What a treat the London Music Conservatoires serve up for opera-goers each season. After the Royal Academy’s Bizet double-bill of Le docteur Miracle and La tragédie de Carmen, and in advance of the Royal College’s forthcoming pairing of Huw Watkins’ new opera, In the Locked Room, based on a short story by Thomas Hardy, and The Lighthouse by Peter Maxwell Davies, the Guildhall School of Music and Drama have delivered a culinary coupling of Paul Hindemith’s The Long Christmas Dinner and Sir Lennox Berkeley’s The Dinner Engagement which the Conservatoire last presented for our delectation in November 2006.

Così fan tutte: Opera Holland Park

Absence makes the heart grow fonder; or does it? In Così fan tutte, who knows? Or rather, what could such a question even mean?

The poignancy of triviality: Garsington Opera's Capriccio

“Wort oder Ton?” asks Richard Strauss’s final opera, Capriccio. The Countess answers with a question of her own, at the close of this self-consciously self-reflective Konversationstück für Musik: “Gibt es einen, der nicht trivail ist?” (“Is there any ending that isn’t trivial?”)

Netia Jones' new Die Zauberflöte opens Garsington Opera's 2018 season

“These portals, these columns prove/that wisdom, industry and art reside here.” So says Tamino, as he gazes up at the three imposing doors in the centre of Netia Jones’ replica of the 18th-century Wormsley Park House - in the grounds of which Garsington Opera’s ‘floating’ Pavilion makes its home each summer.

Feverish love at Opera Holland Park: a fine La traviata opens the 2018 season

If there were any doubts that it was soon to be curtains for Verdi’s titular, tubercular heroine then the tortured gasps of laboured, languishing breath which preceded Rodula Gaitanou’s new production of La traviata for Opera Holland Park would have swiftly served to dispel them.

The Devil, Greed, War, and Simple Goodness: Ostrčil’s Jack’s Kingdom

Here is a little-known opera that, like an opera by the Swedish composer Laci Boldemann that I have reviewed here, and like Ravel’s amazing L’enfant et les sortilèges, utterly bypasses the usual categories of comic and grand/tragic by cultivating instead the rich realm of fantasy and folk tale.


OPERA TODAY ARCHIVES »

Commentary

Nancy Carroll and Roger Allam
24 May 2018

The Moderate Soprano : Q&A with Nancy Carroll and Roger Allam

Nancy Carroll and Roger Allam play Audrey Mildmay and John Christie in David Hare’s play The Moderate Soprano which is currently at the Duke of York’s Theatre in London. »

Recently in Commentary

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10 Apr 2010

Lance Hulme: An interview by Tom Moore

Composer Lance Hulme studied composition at the University of Minnesota, Yale University, and the Eastman School of Music, and returned to the United States recently, where he lives presently in Greensboro, North Carolina, after two decades in Mitteleuropa, where he founded and directed the contemporary music ensemble Ensemble Surprise.  »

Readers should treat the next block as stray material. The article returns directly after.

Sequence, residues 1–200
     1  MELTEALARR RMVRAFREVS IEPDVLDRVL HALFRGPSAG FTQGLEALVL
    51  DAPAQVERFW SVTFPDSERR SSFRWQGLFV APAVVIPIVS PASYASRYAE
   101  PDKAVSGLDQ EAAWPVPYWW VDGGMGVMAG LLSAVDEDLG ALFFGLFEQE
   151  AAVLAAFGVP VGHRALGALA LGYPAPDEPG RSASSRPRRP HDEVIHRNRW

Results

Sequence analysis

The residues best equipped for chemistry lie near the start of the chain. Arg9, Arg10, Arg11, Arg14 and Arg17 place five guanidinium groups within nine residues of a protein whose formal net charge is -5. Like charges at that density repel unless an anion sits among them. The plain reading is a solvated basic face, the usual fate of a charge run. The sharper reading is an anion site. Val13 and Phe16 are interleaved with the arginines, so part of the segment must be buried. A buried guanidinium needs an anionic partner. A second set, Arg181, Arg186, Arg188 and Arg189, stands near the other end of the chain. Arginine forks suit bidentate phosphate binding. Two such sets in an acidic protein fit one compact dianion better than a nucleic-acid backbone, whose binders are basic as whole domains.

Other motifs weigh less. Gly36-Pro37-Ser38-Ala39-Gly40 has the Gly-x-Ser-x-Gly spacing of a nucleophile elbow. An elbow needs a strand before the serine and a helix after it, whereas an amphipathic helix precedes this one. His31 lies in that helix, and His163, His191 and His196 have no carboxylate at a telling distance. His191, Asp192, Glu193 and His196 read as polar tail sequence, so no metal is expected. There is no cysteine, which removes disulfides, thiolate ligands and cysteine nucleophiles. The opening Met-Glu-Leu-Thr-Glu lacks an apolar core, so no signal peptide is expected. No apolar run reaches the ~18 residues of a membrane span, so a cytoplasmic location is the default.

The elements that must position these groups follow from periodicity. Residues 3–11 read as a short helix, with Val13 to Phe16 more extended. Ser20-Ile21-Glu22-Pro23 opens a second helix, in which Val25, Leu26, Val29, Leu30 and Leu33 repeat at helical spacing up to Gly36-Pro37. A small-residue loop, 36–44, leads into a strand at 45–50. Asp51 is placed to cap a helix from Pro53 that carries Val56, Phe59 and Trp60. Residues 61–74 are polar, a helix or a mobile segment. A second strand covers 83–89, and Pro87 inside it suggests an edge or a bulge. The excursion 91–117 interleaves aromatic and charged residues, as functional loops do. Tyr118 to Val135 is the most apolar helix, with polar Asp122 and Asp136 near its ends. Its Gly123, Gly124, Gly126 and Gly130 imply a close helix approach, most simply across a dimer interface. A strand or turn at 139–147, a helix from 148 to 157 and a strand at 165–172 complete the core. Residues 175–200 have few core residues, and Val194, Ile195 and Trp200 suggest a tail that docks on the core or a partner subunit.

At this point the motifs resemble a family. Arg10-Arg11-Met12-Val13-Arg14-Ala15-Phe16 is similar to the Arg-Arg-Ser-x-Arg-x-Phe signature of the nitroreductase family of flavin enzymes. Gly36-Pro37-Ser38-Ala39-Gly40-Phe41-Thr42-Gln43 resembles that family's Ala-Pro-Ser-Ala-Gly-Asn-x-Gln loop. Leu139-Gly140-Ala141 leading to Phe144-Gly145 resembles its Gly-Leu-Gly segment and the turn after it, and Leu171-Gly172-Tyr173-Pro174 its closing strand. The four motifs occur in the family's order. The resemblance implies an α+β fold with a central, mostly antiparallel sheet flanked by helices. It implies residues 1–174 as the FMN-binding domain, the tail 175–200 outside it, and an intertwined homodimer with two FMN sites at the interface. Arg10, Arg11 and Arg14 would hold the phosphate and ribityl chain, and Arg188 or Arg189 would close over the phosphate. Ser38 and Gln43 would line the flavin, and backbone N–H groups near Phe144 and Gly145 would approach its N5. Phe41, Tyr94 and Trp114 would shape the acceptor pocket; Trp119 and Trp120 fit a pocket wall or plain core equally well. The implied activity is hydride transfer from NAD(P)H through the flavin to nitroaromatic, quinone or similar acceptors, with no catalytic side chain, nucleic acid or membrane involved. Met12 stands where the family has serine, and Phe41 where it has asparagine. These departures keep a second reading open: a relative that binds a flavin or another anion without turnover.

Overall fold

10 Apr 2010

Anna Weesner: An interview by Tom Moore

Anna Weesner is an American composer who grew up in rocky New Hampshire, and now teaches in historic Philadelphia.  »

10 Apr 2010

Timothy Andres: An interview by Tom Moore

Composer and pianist Timothy Andres is in his mid-twenties, with an impressive catalog of works to his credit, many of which can be heard at his website.  »

03 Mar 2010

Sophia Serghi — An Interview

Composer Sophia Serghi is presently professor of music at the College of William and Mary in Williamsburg, Virginia, where she has taught since 1998, with two years away in 2000-2002. »

28 Feb 2010

Kurt Streit takes on Tamerlano, Royal Opera House, London

Kurt Streit is singing Bazajet in all performances of Handel’s Tamerlano at the Royal Opera House, London. Placido Domingo, who was to have sung five of the seven performances, pulled out suddenly due to illness.  »

10 Feb 2010

Gabriela Ortiz — An Interview

Composer Gabriela Ortiz studied composition in Mexico City with Mario Lavista at the National Conservatory of Music, at the Guildhall School with Robert Saxton, and at the University of London with Simon Emmerson.  »

25 Jan 2010

Kerry Andrew — An Interview

Kerry Andrew is a young British composer who seems to have her finger in an astounding number of pies, from modern sacred choral music to alt-folk, and including vocal chamber ensemble music and jazz. We talked via Skype on Jan. 12, 2010.  »

18 Jan 2010

Neal Goren of Gotham Chamber Opera: An Interview

The thing you need in order to start an arts organization, even more than a great deal of money, is a whirlwind – an individual with unstoppable energy who can put it all together and keep it working through thin times and thick.  »